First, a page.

thumbnailFigure 1. Rate matrix generated from BLOSUM62. Rate matrix obtained from the amino-acid substitution matrix BLOSUM62, rescaled to have an average number of one substitution per amino acid. Notice in bold the two off diagonal negative entries.

A rate matrix can also be derived from the PAM data by various methods. One exact method is to do an eigenvalue decomposition as presented in [52]. Recently, other methods have been proposed to calculate a rate matrix from the Dayhoff data [55]. These methods still assume that R ≈ ( - I) which corresponds to taking only the first term in the Taylor series for the logarithm in equation (4). This assumption is good only for very closely related sequences. Using the Taylor series allows one to estimate, using the same input data and avoiding the calculation of eigenvalues, the rate matrix to any desired level of precision, independent of the degree of similarity in the training set.

Notice that the rate matrix obtained using BLOSUM62 (Figure 1) has two off-diagonal negative entries (and if we use more divergent BLOSUM matrices we have more negative off-diagonals). Off-diagonal entries of the rate matrix have to be positive so that I + δtR can be interpreted as a substitution matrix for very small times δt. This problem is not unique to sequence data. The construction of rate matrices for a Markov process from empirical data using a generating time is also used in mathematical modeling of financial processes such as credit risk modeling [56,57]. In the world of mathematical finances the problem is referred to as the regularization problem. I will use one of following regularization algorithms presented in [57]. The QOG algorithm (quasi-optimization of the generator) regularizes the rate matrix. The QOM algorithm (quasi-optimization of the root matrix) leaves the rate matrix unchanged and regularizes the conditional matrix at a given time if any negative probability appears. Using the QOG algorithm we obtain a regularized version of the rate matrix using BLOSUM62, which is given in Figure 2.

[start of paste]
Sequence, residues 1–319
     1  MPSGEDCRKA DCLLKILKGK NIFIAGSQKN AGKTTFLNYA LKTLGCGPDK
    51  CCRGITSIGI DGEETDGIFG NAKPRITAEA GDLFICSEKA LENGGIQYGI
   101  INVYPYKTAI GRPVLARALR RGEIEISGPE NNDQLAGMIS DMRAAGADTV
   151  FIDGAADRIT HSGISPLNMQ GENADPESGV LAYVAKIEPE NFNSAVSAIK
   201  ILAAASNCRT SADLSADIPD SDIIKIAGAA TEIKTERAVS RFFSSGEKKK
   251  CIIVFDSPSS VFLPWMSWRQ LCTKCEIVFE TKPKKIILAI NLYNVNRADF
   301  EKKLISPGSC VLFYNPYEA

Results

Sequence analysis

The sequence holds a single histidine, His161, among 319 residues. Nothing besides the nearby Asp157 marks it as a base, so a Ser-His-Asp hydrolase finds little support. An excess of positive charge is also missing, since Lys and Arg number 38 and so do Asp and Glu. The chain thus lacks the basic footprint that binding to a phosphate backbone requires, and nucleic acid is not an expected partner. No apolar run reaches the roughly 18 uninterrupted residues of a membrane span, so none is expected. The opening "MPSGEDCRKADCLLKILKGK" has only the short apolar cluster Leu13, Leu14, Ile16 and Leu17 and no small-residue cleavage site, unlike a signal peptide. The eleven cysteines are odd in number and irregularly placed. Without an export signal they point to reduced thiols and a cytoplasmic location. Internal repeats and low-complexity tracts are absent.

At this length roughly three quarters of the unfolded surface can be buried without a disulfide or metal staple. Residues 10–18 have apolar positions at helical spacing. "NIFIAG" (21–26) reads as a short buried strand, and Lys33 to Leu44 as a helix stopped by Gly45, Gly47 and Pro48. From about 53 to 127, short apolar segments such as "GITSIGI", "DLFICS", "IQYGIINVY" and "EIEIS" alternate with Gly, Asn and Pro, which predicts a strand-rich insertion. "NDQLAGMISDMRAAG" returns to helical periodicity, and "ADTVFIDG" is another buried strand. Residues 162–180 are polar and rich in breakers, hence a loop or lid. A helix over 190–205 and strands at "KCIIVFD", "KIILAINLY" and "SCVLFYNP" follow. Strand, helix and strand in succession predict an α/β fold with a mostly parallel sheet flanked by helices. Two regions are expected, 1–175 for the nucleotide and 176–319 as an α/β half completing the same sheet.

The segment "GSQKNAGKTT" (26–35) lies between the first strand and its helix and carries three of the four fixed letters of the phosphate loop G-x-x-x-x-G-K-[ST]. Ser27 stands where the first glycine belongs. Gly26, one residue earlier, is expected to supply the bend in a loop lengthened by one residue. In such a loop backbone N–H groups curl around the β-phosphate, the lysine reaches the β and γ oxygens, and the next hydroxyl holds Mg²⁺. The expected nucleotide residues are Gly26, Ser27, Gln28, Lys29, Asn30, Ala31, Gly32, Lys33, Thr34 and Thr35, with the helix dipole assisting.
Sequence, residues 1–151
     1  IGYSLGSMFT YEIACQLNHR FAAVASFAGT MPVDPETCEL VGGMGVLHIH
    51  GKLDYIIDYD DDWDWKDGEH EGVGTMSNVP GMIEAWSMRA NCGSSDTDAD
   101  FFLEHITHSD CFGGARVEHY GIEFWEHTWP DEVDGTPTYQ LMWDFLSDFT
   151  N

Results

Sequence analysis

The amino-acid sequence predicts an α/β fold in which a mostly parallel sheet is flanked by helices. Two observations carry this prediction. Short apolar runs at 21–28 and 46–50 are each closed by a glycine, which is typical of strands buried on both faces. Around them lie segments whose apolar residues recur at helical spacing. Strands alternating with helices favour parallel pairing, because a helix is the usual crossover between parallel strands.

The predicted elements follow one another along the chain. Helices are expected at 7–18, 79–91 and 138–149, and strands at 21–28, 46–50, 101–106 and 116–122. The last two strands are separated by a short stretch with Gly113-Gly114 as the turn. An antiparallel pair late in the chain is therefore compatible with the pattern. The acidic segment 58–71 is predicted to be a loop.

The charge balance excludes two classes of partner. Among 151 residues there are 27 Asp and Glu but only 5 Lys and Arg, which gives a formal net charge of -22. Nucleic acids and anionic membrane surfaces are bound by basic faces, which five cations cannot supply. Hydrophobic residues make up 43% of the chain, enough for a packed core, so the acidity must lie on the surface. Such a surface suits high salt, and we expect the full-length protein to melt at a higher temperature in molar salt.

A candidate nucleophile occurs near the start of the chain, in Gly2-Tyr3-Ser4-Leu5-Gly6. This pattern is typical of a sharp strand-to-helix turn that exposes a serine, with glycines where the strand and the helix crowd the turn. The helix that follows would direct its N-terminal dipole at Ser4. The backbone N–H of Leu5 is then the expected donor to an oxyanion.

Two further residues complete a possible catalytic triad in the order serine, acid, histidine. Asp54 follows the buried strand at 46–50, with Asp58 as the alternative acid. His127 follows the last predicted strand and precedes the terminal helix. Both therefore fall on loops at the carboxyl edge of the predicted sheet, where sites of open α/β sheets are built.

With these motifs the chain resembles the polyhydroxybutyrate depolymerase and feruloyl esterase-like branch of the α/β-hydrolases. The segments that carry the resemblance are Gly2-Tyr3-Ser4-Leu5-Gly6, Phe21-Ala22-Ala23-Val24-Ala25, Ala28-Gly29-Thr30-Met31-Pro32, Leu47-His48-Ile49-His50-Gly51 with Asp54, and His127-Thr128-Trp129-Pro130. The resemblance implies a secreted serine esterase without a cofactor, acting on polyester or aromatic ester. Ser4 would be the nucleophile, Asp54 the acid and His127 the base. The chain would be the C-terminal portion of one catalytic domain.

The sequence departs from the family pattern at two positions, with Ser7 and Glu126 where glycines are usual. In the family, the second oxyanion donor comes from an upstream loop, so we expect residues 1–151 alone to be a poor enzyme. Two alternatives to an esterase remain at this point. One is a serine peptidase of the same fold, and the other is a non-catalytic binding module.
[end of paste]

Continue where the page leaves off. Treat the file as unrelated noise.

thumbnailFigure 2. Regularized rate matrix generated from BLOSUM62 Regularized rate matrix generated from BLOSUM62 after the QOG algorithm has been applied. The matrix has been rescaled to have an average number of one substitution per amino acid. In this simple case in which there was at most one negative off-diagonal entry per row, the regularization process requires the negative off-diagonal value to be set to zero (represented in bold in this Figure), and to shift the rest of the elements in that row by the corresponding amount so that the sum of all elements is zero. Rows without any off-diagonal negative values remain unchanged from the values obtained in Figure 1.

Regularization algorithms

Here I reproduce the QOG and QOM regularization algorithms. The proofs for these algorithms can be found in [57]. The QOG algorithm regularizes each row of a rate matrix independently. Given a row in a rate matrix R,

r = (r1,...,rn) ≡ (R(i, 1) ..., R(i, n)),     (5)

the QOG algorithm solves the problem of finding the vector at the minimal Euclidean distance from r such that the sum of all its elements is zero, and all elements but one are positive.

The steps of the QOG algorithm are:

1. Permute the row vector so that r1 = R(i, i).

2. Construct the vector w, such that wi = ri - λ, where .

3. Obtain the permutation , such that .

4. Construct , for k = 2, ..., n - 1.

5. Calculate kmin = mink = 2, ..., n - 1 {k such that Ck ≤ 0}.

6. Construct the vector

7. The regularized row is given by r P-1 (). Finally reverse the permutation of step (1).